But the sharrows seem to have hit a snag. Although they’re a familiar sight in neighboring cities, they’ve never been used in Albany. Jacobs said the city needs to consult an outside traffic engineer to approve the use of sharrows in town. And the city needs to create a policy on what situations merit sharrows, so they’re not overused.

“It’s not just a question of sending a guy down there with a can of paint,” Jacobs said.

Although some sections of the greenway are due to reopen soon, Jordan and Smolens say they’d still like the entire length of Masonic in Albany to be marked with signs and sharrows, because other sections will soon be closed. Many cyclists, they said, choose to stay on the street all the way through town, rather than crisscross back and forth between the street and the open parts of the greenway.

“In the long run,” Jordan said, “we’re going to end up with something much better (the new greenway path). But sometimes it can be hard to see past the discomfort of the project.”

Rethinking the Next Temporary Path

Construction on the Solano-to-Portland section of the greenway is due to begin this summer, said McLean of BART.

Two weeks ago, the city seemed set to install a similar temporary path along Masonic, closing the eastern parking lane and fencing the area in. The plan was to make the path 18 inches wider, moving the fence further into the street. 

Now, that’s under further consideration, Jacobs said, with other alternatives on the table.

“What we’re trying to do is figure out a solution that works safely for the cars, the bikes and the pedestrians,” Jacobs said.

Smolens and Jordan said they were unsure, when they first heard about the 18-inch widening proposal, whether it would make the pathway more attractive to cyclists.

“We would have to talk to membership and see if they feel like that would be helpful,” Smolens said.

Jacobs said anyone interested in weighing in should attend a Traffic & Safety Commission meeting, which are the fourth Thursday of the month at 7 p.m. in City Council chambers.

Thursday, Feb. 23, is the next meeting. See a full schedule here.

Residents can write the Public Works Department at 548 Cleveland Ave., Albany, CA 94706, or e-mail cityhall@albanyca.org, "Attention Traffic & Safety Commission."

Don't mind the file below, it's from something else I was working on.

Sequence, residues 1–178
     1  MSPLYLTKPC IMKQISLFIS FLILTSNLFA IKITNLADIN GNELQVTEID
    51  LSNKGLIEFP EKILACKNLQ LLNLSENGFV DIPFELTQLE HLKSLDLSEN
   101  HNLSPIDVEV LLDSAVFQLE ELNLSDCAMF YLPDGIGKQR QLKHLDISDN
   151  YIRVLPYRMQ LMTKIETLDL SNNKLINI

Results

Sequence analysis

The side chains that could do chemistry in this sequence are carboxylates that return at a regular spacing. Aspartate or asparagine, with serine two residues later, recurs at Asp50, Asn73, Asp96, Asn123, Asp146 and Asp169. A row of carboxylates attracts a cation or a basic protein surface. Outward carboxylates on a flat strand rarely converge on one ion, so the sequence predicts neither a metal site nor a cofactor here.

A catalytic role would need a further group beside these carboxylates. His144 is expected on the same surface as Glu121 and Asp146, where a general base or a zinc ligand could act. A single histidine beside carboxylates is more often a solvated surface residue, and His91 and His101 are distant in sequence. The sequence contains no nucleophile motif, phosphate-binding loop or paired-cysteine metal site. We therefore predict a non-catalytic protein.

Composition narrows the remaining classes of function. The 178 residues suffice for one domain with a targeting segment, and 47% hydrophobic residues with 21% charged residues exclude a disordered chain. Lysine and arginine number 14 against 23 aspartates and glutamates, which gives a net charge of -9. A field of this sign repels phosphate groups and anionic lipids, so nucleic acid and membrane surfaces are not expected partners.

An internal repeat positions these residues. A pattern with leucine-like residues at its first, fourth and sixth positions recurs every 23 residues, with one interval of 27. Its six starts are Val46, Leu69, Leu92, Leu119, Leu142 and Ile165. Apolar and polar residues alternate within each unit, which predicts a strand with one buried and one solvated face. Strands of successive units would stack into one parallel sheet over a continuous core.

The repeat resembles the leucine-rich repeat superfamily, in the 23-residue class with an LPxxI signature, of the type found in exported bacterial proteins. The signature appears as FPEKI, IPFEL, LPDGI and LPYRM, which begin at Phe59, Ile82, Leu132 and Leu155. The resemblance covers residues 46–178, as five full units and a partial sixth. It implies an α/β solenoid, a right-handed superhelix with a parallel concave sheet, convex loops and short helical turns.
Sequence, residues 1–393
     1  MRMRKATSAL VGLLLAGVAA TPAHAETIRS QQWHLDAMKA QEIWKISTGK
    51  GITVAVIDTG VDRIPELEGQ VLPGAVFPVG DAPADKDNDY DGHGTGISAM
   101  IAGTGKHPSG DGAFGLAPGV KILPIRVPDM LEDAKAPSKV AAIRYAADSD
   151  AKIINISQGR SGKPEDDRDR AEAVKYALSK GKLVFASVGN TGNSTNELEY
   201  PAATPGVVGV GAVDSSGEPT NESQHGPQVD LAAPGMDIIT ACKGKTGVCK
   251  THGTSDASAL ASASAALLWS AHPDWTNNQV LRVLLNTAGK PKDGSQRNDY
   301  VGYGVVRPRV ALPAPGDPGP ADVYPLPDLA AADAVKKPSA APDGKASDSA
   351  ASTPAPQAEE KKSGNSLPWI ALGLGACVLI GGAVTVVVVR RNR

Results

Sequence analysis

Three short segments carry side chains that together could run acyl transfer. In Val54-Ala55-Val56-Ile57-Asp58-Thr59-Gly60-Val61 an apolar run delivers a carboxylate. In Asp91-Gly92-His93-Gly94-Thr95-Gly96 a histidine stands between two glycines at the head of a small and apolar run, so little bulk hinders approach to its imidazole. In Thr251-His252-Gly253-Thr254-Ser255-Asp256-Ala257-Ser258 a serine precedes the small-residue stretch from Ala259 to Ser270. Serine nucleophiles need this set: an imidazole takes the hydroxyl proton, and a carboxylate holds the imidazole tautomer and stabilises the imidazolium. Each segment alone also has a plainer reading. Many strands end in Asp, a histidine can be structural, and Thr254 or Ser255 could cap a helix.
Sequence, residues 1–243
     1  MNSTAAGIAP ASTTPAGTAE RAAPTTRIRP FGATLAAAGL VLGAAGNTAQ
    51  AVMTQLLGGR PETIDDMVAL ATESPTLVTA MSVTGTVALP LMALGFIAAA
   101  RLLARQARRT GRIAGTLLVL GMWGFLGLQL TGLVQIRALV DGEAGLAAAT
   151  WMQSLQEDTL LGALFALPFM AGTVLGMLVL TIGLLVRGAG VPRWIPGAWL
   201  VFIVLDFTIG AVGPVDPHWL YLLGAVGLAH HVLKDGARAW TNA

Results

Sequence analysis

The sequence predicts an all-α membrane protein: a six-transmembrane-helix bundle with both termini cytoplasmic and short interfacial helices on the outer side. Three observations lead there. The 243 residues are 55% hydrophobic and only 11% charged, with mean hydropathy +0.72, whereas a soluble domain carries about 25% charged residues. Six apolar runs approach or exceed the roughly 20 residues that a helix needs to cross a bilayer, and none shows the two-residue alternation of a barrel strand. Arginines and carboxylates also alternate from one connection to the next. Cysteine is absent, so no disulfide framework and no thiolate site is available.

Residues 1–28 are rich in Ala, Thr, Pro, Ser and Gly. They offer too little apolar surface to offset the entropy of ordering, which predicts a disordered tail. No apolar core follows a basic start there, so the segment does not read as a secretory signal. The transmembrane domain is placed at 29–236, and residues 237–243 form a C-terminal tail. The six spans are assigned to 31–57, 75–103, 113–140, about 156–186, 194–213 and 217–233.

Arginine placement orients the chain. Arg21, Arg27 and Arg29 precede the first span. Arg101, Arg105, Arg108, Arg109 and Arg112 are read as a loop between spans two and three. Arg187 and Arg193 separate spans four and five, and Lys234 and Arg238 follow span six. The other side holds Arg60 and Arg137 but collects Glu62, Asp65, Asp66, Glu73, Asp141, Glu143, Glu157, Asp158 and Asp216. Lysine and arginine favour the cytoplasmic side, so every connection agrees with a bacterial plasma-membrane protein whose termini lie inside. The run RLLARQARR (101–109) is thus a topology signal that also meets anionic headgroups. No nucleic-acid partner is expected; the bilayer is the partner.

Anyone with questions about the construction project can contact BART’s Jason McLean at 510-464-6197 or jmclean@BART.gov

Click the "Keep me posted" button below for updates about BART path construction. 

If there's something in this article you think should be corrected, or if something else is amiss, call editor Emilie Raguso at 510-459-8325 or email albany@patch.com.

Mary Flaherty February 23, 2012 at 04:06 PM
An update on installing sharrows from city engineer Randy Leptien, via e-mail: "The City obtained a proposal from a traffic engineering firm to design and prepare a plan for the location of Sharrows and accompanying signage. The City is in the process of entering into an agreement with the Consultant to perform this work."
Ira Sharenow February 23, 2012 at 04:38 PM
Now we are discussing the somewhat unsatisfactory set up for dealing with the BART construction. Just recently the discussion was about the fact that the pool committee forgot to plan for bike racks and although now in the plans have not yet arrived. Not too long ago the issue was the Whole Foods bike situation. There have been issues relating to bike lanes to the Bulb. The Albany streets received a low rating and have many potholes. From a big picture point of view, what seems to be the problem?
JW February 23, 2012 at 06:12 PM
At the intersection of Peralta and Marin, there are magnetic loops on Peralta. They do not seem to detect bicycles. If you want to cross Marin, or turn left onto Marin there, you seem to have to wait for a car, or dismount, walk to the side walk, and hit the button. If you are northbound, and waiting behind a car, and get a green light, the green light is very short. The Marin traffic gets a green before you complete your crossing of Marin. It is especially dangerous to a slower cyclist, such as a child, who would be left half way across Marin with cars coming from the side.
JW February 23, 2012 at 07:31 PM
There is a nice summary of the exact requirements for detecting bicycles at traffic lights here http://www.marinbike.org/Legislation/AB_1581.pdf
Amy Smolens April 26, 2012 at 01:30 AM
Any update two months later, Mary? Thanks.